The scene is like something out of a dream: The sea stretches for miles, piercingly blue and dotted with mountainous islands hazy in the distance. The shoreline is rocky and white, and dusty-brown mountains jut into the sky behind it. At sunset, the cities along the coast take on a faint pinkish glow as the light bounces off their terracotta rooftops.
Before I arrived in Croatia, people told me that it was one of the most beautiful places in Europe. “If you love Italy, you’ll love Croatia,” they said. “After all, the Croatian coast is where the Italians go to vacation.” Most of Croatia’s coast is along the historic Dalmatian region—a place that perfectly meshes Italian and Eastern European inspirations in architecture, food, and even language.
I based myself in Split—the second-largest city in Croatia and the hub of central Dalmatia and for only $750 a month rented a small, exposed-stone studio apartment just outside the 2,000-year-old palace built by the Roman emperor Diocletian.
Despite my love affair with Split’s sunny Riva and perfectly-preserved palace, I discovered my real passion for Dalmatia along the coasts to the south of the great city. Here the mountains creep ever closer to the sea and the crowds thin.
From Split, it’s easy to rent a car—or, for the brave among us, a motorcycle—and speed down the coastal roads with their breathtaking views, stopping to take in authentic, small-town Croatia along the way.
The islands off the coast of Split are an equally beautiful place to explore—and are easily accessible by ferry.
The largest island is Brac, home of the small fishing town of Bol, which becomes a bustling tourist mecca in the summer. Just a few miles west of Brac, its sister island, Hvar, boasts one of the oldest towns in all of Europe: walkable, cobbled Stari Grad, with its waterfront cafés, UNESCO-recognized old town, and bustling sailboat harbor.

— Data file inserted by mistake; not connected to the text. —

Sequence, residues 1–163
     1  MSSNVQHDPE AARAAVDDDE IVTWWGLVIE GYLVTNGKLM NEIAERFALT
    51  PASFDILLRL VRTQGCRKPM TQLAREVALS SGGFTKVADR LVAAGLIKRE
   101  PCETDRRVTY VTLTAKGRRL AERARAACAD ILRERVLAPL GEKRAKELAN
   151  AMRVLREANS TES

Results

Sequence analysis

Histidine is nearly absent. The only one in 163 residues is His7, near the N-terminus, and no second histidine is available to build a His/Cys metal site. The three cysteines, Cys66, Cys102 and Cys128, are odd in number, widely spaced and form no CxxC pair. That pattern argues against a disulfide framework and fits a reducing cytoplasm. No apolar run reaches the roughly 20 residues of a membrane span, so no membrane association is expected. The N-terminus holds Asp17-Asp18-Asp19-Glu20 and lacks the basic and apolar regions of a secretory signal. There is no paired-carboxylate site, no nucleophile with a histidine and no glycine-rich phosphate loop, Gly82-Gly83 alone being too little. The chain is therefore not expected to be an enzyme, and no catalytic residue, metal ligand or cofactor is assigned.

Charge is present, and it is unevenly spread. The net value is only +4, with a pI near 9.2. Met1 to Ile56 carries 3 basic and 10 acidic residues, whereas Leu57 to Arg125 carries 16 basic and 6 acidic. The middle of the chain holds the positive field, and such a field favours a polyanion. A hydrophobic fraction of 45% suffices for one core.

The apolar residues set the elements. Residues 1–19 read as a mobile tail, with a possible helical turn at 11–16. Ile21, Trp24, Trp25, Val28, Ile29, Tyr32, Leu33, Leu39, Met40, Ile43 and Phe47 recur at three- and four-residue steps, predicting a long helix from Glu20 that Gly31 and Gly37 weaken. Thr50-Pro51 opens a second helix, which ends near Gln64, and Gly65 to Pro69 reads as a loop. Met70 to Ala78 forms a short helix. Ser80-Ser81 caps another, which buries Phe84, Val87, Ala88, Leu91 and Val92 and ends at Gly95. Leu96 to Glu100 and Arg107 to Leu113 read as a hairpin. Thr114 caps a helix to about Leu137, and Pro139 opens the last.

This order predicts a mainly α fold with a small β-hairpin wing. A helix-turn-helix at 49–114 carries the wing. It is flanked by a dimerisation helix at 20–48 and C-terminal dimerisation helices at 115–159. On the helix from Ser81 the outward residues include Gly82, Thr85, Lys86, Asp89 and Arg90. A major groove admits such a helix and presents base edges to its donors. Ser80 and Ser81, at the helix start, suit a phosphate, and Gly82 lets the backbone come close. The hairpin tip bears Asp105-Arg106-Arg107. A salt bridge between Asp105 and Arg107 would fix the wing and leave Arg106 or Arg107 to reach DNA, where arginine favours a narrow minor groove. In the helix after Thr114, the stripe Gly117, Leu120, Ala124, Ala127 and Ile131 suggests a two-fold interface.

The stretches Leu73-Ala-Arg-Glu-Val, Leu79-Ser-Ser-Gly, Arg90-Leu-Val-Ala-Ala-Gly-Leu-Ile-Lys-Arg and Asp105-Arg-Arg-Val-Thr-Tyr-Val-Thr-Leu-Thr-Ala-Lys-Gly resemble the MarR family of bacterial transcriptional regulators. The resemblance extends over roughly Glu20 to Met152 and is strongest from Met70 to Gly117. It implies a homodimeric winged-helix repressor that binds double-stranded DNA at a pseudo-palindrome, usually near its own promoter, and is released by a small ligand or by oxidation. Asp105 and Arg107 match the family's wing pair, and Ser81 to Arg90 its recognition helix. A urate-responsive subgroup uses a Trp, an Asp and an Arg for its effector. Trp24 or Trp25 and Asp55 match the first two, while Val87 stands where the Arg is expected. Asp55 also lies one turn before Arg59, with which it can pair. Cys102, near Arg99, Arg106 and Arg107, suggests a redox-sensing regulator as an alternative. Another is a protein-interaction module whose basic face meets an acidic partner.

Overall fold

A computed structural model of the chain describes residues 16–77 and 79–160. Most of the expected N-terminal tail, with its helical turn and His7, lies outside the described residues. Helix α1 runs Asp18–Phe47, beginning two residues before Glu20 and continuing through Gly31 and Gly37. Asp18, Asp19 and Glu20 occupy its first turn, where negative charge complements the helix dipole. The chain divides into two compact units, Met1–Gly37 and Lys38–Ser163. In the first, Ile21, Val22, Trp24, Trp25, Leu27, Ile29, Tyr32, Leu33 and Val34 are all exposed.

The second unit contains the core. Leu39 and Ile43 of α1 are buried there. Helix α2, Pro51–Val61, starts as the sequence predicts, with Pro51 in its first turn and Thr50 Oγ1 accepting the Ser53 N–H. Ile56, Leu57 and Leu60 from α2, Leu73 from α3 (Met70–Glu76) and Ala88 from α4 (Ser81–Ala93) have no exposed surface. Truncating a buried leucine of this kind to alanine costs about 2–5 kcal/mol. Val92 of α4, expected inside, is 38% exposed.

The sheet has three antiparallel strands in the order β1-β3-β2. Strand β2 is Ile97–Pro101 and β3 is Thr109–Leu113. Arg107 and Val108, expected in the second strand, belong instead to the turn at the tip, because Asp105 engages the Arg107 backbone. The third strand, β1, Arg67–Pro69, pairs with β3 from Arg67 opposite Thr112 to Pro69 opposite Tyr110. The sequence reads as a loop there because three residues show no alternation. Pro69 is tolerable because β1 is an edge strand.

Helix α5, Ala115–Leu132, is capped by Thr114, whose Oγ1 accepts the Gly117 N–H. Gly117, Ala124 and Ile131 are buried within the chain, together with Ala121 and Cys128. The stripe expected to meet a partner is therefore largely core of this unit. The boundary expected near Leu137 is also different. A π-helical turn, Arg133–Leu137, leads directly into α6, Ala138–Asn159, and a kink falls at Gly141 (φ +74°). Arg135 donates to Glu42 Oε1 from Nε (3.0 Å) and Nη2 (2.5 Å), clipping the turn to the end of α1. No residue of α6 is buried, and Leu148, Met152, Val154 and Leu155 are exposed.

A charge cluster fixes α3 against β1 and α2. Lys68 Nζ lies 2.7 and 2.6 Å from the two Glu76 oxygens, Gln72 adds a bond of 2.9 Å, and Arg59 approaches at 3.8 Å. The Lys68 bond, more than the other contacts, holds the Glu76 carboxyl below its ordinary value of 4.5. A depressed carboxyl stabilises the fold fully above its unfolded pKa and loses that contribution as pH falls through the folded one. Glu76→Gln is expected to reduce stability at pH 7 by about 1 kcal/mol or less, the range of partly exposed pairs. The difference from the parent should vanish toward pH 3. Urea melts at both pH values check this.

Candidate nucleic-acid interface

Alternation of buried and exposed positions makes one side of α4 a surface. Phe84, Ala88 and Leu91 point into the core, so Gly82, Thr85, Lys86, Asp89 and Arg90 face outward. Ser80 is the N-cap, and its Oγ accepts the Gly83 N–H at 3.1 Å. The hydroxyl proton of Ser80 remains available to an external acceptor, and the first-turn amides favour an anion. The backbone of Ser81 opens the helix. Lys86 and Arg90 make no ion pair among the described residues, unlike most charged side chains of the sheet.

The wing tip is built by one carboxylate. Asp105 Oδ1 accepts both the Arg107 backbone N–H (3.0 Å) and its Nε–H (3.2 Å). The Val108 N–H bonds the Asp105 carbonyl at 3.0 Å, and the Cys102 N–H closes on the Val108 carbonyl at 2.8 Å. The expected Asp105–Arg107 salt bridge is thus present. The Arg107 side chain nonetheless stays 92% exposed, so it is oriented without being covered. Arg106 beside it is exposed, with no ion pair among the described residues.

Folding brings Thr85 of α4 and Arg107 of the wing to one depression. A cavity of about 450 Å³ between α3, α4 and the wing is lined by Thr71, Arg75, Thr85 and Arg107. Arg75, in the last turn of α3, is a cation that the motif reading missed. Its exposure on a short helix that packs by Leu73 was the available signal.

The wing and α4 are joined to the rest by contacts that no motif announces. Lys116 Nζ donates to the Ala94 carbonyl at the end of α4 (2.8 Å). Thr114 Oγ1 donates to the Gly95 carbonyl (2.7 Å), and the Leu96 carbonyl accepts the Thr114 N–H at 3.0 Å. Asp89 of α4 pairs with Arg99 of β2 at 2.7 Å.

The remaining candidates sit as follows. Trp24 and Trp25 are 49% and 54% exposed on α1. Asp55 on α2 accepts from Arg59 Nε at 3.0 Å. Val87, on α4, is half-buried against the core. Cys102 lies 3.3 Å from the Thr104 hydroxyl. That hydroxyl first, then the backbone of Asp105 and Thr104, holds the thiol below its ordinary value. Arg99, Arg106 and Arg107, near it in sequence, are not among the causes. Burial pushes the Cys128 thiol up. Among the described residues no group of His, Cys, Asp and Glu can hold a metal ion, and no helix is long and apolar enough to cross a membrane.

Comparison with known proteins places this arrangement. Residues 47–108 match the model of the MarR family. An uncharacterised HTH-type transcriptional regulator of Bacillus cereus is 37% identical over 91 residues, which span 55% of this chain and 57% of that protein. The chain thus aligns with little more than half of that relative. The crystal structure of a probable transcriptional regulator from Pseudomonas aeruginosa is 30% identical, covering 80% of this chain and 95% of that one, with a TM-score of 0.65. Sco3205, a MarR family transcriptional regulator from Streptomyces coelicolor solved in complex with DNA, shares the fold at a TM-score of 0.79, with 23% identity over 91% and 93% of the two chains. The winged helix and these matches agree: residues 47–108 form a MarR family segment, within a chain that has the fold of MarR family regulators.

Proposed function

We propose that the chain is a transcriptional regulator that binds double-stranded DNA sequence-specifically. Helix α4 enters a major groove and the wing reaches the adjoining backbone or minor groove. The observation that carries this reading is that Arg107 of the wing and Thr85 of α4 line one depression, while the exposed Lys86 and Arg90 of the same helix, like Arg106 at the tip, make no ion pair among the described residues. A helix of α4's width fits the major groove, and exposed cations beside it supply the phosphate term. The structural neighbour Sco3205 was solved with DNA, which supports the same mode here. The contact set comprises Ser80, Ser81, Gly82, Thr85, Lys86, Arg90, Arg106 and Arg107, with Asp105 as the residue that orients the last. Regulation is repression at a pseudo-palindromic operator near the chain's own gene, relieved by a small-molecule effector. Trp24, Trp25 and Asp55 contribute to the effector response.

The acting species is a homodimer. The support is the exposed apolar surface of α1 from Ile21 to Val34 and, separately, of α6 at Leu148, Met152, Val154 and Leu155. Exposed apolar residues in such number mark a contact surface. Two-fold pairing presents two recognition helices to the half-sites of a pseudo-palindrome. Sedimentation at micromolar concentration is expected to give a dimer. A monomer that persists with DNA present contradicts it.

While those large islands draw the majority of the tourism, the island that most captured my own heart was tiny, green Solta. Even in the summer, this island draws relatively few tourists. Instead, retirees and families retreat to their summer homes here to walk along the natural paths that follow the coast from the port town of Rogac, and to savor authentic local food in family-owned restaurants like Konoba Momcin Dvor, located just a couple miles from the port in the village of Grohote, where I had the best meal of my entire trip.
Because there are few tourists, the people of Solta tend to welcome them with open arms, treating visitors like family. During my own visit in the off-season, the coffee-shop owner near the port closed the shop (which was empty at the time) to drive me up the hill to a local restaurant because it was windy outside and he was concerned that I would catch a cold.
But the best part is that the sunshine, Italian-inspired architecture, and natural beauty of Dalmatia costs much less than a typical European vacation. My own month cost just over $1,300, not including plane tickets, and you could easily spend less by choosing cheaper accommodations (listings on one site start around $450 per month for a private room in a family home).
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